Continua Health Alliance says the first interoperable personal telehealth products, able to work with each other out ‘of the box’, will be in stores by year end.

The first standards produced by the industry Alliance, including health USB and Bluetooth standards, are due for publication in the next month.

Continua is a Intel-championed open industry alliance, that for the past two years has been fast-tracking efforts to develop standards for interoperable personal health systems and devices.

The objective is to create standards that will enable the creation of a consumer market for a wide range of diagnostic devices and monitors that will exchange data and interoperate ‘out of the box’.

Over 150 companies are now members ranging from health IT vendors, to pharma companies, telcos and consumer electronics firms. Members include England’s NHS Connecting for Health agency.

“We have a wide variety of companies working on personal health, from very large to very small,” said David Whitlinger, an Intel VP and president and chairman of the board of Continua. He said the first products with the Continua logo will be in the shops by year end.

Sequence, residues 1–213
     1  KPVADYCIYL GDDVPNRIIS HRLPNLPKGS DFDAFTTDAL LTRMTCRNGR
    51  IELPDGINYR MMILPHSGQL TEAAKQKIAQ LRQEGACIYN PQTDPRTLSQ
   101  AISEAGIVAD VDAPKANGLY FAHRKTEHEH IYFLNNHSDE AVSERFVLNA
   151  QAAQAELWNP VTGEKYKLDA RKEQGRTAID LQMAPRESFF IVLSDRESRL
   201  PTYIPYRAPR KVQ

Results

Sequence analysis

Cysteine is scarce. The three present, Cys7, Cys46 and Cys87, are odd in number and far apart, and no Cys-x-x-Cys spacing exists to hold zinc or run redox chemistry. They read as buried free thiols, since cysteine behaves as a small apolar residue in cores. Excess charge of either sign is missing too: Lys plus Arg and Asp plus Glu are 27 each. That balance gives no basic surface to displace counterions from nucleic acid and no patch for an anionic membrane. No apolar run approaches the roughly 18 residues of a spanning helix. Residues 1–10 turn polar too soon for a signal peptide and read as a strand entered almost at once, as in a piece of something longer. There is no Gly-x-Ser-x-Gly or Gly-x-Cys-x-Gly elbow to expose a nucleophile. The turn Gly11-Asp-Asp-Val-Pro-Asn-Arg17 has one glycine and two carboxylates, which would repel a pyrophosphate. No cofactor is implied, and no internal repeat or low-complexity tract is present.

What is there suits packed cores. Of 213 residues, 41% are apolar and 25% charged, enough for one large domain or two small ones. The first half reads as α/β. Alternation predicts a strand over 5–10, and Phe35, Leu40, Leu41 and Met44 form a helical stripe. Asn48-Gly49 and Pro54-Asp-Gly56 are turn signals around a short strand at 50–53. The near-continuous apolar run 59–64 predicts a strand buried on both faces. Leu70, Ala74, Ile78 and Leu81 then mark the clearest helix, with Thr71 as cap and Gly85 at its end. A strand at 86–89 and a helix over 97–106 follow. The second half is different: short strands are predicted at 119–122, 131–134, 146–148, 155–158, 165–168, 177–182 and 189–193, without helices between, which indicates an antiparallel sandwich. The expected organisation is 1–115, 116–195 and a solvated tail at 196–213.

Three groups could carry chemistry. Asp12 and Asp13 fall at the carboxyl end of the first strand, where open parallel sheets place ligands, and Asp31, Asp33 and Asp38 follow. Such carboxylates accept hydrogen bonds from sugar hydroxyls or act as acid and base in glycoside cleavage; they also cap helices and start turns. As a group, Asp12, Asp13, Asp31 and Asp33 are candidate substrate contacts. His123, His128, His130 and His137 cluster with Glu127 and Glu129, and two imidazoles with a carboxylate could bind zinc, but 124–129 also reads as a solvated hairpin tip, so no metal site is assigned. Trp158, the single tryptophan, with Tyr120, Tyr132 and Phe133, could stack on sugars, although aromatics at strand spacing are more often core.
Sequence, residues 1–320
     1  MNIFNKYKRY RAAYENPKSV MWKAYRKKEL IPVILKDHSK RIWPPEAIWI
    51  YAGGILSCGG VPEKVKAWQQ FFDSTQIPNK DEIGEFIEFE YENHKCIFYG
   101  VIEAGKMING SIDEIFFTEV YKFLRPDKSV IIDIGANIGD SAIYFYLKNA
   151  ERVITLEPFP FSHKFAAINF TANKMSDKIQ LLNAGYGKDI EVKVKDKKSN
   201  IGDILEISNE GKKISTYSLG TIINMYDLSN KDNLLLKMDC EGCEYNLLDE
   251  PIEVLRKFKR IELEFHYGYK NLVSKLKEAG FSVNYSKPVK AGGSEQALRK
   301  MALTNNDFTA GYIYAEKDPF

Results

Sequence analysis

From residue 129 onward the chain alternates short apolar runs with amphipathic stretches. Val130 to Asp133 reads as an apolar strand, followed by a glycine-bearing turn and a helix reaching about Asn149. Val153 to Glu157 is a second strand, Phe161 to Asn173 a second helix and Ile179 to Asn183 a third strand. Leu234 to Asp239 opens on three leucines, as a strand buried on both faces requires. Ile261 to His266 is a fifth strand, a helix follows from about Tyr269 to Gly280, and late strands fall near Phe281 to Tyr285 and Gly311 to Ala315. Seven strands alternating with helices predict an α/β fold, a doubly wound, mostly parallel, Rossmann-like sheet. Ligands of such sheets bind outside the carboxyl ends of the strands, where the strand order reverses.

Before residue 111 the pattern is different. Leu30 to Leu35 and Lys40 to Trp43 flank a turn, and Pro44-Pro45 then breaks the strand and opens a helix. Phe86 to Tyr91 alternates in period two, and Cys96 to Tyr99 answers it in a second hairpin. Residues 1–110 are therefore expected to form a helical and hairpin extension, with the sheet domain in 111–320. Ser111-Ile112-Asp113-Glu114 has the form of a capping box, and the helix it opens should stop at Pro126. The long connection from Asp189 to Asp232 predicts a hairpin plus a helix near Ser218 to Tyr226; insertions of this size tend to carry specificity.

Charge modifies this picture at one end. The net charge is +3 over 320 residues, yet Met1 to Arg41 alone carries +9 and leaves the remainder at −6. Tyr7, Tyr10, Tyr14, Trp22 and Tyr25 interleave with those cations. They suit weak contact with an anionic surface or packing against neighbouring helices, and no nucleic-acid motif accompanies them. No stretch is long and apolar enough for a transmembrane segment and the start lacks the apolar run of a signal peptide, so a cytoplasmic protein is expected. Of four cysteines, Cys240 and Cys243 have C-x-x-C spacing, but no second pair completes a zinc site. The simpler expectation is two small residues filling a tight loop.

Speaking last week at e-health 2008 in Portoroz, Slovenia, Whitlinger said: “Some 75-85% of healthcare costs are due to chronic disease management. From a commercial perspective this makes personal healthcare systems a real opportunity.”

He said of Continua Health Alliance: “My mission for the past two years has been to create a marketplace in interoperability. We’re working towards out of the box connectivity between the devices and services that make up personal telehealth.”

He said the aim of Continua was to create interoperability standards, together with accompanying guidelines. To make these standards easier to use the Alliance has created a large library of source code

But for the end users he said the standards at work should be invisible. “We want to hide all of this, so all the individual has to look for is the Continua logo on a device.”

Whitlinger said Continua divided the personal health market into three main segments: health and wellness; disease management; and ageing independently.

He said that the health and wellness sector, sometimes called the “worried well”, would be among the first to adopt personal health systems. However, he said the greater challenge would be in systems to support disease management, and ageing independently.

“Disease management is about helping a patient better manage their own health, while ageing independently is about helping people age quickly in their own home.”


Continua Health Alliance



Jon Hoeksma